Seed investors will put their money into pre-revenue companies, but venture capitalist, Round A are less likely to do so which makes bootstrapping incredibly important.
Here's my paper that can help you understand where does your company fall on investment readiness spectrum.
How do you know that #startup is ready for venture capital? Industry fit, $1B+ market size, big competitive advantage http://wp.me/pj2e9-by

Finally, I would be more than happy to work with you on your investor's pitch and be ready before your colleague starts making connections in SF:
http://www.anagard.com/services/InvestorReadyConsulting.html


Because of ageism, most experienced professionals start their own businesses, so you are not alone.

I would first take a break and do some soul searching, what do you really want from a career and life in the next 10-20 years. Then, I would to SWOT on your self and the business model and industry that you want to enter to figure out if your goal is worthwhile.

Most businesses will not generate revenue in 12 months. It's great that you have 12 months of living expenses covered, but most likely you will not be able to replace your salary in that time because growing a new business in incredibly hard as internet has globalized competition.

For experienced professionals, the quickest path to revenue is consulting within their industry, contract work with former competitors.

If you like operations, logistics and execution, i.e. are not big fan of unproven new products and innovation, franchising is a good option for you. Getting a franchise will take you about 6 months. If you are buying an existing location, you will start generating revenue from day one, but it will still take you some time to break even. I would do my own research about financial potentials for different franchises; there are some bad apples out there (UPS comes to mind).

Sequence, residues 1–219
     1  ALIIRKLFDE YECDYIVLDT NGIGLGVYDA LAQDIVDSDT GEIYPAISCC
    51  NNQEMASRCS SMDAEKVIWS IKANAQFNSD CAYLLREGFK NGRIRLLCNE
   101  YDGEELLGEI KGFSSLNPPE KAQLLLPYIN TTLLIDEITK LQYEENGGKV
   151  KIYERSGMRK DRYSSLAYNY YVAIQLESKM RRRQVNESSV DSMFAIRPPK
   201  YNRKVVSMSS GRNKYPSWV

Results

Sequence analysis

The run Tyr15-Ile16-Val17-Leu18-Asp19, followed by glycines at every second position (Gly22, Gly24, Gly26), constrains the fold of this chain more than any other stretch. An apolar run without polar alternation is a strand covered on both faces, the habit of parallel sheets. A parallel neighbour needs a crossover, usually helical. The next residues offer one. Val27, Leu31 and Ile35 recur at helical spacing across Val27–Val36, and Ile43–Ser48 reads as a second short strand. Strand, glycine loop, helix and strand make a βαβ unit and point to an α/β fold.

Finally, if you want to start you own business, write a business plan first before you pour money into it. Writing a business plan will help you evaluate the financial potential of your idea and force you to put down on paper information about competition, your own competitive advantage, hiring needs, business model, etc. This is my specialty: http://www.anagard.com/services/BusinessPlans.html What I like about writing a business plan is that you are not going into a new business led by passion, but logic. It takes few months to write a business plan document, but it doesn't have to be perfect, unless you are planning to raise money from angel investors. Bank will not give you a loan without few years of revenues to show for. The core of any business plan is a market research: http://www.anagard.com/services/MarketResearch.html

Good luck and call me if you want me to work with you as you navigate uncharted waters.


Most co-founders are not designers, and most new businesses do not need to have a full-time designer on staff. Design in itself will not help you successfully raise funds -- hard data will.
Investors see thousands of pitches annually, so they are so quick to spot a promising startup. I know that this startup is your "baby", but your startup is just another commodity to an investor. Commodity stands out by price (ROI), not by a shiny package (pitch deck design). Having seen hundreds of pitches and read even more, I can tell from my own experience that majority of startup founders fail to succinctly articulate that is the value proposition for their clients, what is their sustainable competitive advantage and how much money investors can expect to make. These are my entry level services: http://www.anagard.com/services/InvestorPitchImprovement.html

If you are completely confident with data, and if just want to convey the value visually, then a graphic designer can help you, as said by people on this thread.

Somewhat off topic: Design is important, but it's not a solution to everything. The best example is Jawbone fitness tracker: beautiful design and app, raised 6 times more money than its competitor FitBit, but captured only 19% of market share at the peak. Today, Jawbone is fending off creditors, and FitBit is planning IPO. Execution matters. If you are curios to learn more, I wrote a case study: http://wp.me/pj2e9-db